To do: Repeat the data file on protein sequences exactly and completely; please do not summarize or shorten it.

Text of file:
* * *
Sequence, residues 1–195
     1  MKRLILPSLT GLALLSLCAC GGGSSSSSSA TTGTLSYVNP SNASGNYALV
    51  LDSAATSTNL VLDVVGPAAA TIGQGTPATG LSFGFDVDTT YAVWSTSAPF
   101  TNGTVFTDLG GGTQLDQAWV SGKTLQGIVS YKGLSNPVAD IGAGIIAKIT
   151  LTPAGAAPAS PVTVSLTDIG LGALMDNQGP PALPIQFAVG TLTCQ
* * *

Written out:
Sequence, residues 1–195
     1  MKRLILPSLT GLALLSLCAC GGGSSSSSSA TTGTLSYVNP SNASGNYALV
    51  LDSAATSTNL VLDVVGPAAA TIGQGTPATG LSFGFDVDTT YAVWSTSAPF
   101  TNGTVFTDLG GGTQLDQAWV SGKTLQGIVS YKGLSNPVAD IGAGIIAKIT
   151  LTPAGAAPAS PVTVSLTDIG LGALMDNQGP PALPIQFAVG TLTCQ